Deed in Lieu of Foreclosure
Also known as a 'friendly foreclosure,' a deed in lieu allows the homeowner to return the property to the lender rather than go through the foreclosure process. Lender approval is required for this option, and the homeowner must also vacate the property.
Many have considered and marketed bankruptcy as a 'foreclosure solution,' but this is only true in some states and situations. If the homeowner has non-mortgage debts that cause a shortfall of paying their mortgage payments and a personal bankruptcy will eliminate these debts, this may be a viable solution.
If a homeowner has sufficient equity in their property and their credit is still in good standing, they may be able to refinance their mortgage.
Servicemembers Civil Relief Act (military personnel only)
If a member of the military is experiencing financial distress due to deployment, and that person can show that their debt was entered into prior to deployment, they may qualify for relief under the Servicemembers Civil Relief Act. The American Bar Association has a network of attorneys that will work with servicemembers in relation to qualifying for this relief.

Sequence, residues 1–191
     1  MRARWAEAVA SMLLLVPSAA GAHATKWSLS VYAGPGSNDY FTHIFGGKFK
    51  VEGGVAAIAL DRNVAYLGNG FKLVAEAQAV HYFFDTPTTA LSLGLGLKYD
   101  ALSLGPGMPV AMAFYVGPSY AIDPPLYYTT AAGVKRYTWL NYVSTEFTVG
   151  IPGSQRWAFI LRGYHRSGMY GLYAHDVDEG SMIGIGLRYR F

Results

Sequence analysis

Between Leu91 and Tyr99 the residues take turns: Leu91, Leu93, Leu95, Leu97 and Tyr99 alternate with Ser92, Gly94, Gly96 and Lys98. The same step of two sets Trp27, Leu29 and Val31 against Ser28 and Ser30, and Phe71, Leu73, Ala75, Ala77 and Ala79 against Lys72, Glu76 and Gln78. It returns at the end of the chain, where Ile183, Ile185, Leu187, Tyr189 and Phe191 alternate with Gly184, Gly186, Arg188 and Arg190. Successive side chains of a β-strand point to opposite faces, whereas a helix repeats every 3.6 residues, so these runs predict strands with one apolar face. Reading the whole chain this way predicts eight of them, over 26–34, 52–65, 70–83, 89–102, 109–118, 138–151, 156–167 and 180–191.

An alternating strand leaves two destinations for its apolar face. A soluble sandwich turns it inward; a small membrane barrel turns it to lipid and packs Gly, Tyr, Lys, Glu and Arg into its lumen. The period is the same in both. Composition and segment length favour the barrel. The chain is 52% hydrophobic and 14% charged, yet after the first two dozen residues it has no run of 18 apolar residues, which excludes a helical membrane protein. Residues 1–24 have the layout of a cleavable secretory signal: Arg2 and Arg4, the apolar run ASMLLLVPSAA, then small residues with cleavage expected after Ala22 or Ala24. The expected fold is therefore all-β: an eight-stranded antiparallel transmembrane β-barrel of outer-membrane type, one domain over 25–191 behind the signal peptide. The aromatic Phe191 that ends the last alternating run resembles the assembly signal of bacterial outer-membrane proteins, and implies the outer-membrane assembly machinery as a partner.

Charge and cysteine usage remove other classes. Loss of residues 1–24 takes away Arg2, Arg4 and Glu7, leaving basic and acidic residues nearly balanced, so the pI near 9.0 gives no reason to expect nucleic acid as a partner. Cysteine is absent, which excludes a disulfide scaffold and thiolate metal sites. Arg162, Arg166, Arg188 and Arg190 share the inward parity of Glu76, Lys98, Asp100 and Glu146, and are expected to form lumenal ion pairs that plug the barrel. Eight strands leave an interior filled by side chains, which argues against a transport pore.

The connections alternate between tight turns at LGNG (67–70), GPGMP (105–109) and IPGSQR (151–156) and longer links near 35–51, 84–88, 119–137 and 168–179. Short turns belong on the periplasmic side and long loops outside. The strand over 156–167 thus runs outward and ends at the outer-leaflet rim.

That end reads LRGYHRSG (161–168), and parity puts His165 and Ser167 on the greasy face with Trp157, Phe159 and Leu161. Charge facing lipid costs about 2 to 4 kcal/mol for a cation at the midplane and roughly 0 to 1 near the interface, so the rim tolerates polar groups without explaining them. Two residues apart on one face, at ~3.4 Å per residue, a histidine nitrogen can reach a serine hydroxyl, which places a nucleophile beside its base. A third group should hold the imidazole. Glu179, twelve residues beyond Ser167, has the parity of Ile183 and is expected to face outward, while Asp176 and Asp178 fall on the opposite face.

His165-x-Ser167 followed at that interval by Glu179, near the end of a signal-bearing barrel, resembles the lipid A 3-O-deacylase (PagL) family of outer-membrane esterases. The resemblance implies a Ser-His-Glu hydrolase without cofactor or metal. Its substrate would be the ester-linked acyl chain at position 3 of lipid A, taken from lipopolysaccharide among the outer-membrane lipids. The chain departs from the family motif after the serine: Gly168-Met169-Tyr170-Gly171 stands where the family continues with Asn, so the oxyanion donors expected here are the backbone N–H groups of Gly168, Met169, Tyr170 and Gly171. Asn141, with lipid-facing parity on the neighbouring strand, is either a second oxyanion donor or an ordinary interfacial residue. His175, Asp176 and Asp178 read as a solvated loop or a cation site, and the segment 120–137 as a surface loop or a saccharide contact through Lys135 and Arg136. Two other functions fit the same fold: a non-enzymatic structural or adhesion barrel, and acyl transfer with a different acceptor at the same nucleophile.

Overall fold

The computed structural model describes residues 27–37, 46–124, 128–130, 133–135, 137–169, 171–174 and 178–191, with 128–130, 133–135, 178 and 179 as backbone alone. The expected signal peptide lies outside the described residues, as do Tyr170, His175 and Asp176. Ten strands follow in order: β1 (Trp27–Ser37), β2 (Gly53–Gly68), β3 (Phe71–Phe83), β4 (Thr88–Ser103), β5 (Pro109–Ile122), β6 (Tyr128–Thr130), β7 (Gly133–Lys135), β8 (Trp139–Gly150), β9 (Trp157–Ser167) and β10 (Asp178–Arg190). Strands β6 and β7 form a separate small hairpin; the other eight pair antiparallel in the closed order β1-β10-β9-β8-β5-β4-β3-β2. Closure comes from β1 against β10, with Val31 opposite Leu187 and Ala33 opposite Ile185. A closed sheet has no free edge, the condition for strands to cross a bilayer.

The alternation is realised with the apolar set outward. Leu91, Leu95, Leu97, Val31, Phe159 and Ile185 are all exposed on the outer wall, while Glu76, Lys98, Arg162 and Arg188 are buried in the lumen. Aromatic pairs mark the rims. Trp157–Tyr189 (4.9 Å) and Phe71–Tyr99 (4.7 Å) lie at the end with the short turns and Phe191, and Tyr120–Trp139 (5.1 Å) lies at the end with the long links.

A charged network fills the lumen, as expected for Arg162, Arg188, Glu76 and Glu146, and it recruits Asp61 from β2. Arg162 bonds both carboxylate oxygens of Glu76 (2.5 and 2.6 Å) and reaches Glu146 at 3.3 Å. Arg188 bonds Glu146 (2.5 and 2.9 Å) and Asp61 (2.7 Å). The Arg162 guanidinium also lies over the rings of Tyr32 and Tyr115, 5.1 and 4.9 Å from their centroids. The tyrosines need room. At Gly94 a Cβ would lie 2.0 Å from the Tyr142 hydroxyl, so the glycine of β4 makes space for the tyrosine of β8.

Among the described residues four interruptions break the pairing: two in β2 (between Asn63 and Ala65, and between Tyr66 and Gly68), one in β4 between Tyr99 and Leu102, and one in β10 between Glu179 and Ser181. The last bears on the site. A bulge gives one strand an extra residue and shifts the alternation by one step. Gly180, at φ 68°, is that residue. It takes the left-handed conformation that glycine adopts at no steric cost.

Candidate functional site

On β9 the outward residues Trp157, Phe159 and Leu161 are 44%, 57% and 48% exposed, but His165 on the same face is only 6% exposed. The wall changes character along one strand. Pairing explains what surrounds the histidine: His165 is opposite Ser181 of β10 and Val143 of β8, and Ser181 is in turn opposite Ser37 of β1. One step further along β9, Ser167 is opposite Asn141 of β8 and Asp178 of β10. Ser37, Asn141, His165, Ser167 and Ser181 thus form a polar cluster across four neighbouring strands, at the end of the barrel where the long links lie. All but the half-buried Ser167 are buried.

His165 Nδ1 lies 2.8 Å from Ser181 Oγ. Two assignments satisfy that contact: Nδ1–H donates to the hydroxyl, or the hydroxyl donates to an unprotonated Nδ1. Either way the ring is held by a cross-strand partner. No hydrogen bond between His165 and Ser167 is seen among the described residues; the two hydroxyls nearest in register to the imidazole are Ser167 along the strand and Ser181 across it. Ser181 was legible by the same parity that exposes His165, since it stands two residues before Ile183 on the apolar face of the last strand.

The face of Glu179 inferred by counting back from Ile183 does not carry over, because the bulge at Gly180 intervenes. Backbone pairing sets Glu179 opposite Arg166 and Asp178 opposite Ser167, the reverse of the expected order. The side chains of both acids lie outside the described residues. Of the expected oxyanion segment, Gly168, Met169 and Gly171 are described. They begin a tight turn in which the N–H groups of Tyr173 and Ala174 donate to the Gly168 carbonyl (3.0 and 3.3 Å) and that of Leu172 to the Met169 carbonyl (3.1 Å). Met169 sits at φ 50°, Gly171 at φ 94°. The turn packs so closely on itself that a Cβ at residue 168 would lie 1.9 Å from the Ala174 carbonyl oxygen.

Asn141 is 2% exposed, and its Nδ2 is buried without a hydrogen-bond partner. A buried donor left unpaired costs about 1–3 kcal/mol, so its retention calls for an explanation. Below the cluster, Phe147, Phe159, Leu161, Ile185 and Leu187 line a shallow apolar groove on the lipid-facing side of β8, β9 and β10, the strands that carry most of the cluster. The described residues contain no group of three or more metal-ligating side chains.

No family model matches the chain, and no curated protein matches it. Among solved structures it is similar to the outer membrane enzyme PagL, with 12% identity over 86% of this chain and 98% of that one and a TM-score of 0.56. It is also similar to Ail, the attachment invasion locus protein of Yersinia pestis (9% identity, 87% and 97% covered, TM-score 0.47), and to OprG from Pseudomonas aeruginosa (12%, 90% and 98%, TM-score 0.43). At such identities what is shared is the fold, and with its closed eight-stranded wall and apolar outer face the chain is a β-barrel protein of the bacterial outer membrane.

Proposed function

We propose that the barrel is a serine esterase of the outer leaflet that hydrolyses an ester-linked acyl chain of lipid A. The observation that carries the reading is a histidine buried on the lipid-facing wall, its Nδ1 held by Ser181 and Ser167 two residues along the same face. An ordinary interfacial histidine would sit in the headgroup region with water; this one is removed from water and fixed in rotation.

Sell the Property
Homeowners with sufficient equity can list their property with a qualified agent that understands the foreclosure process in their area.
Short Sale , Short Selling in Ventura County and Los Angeles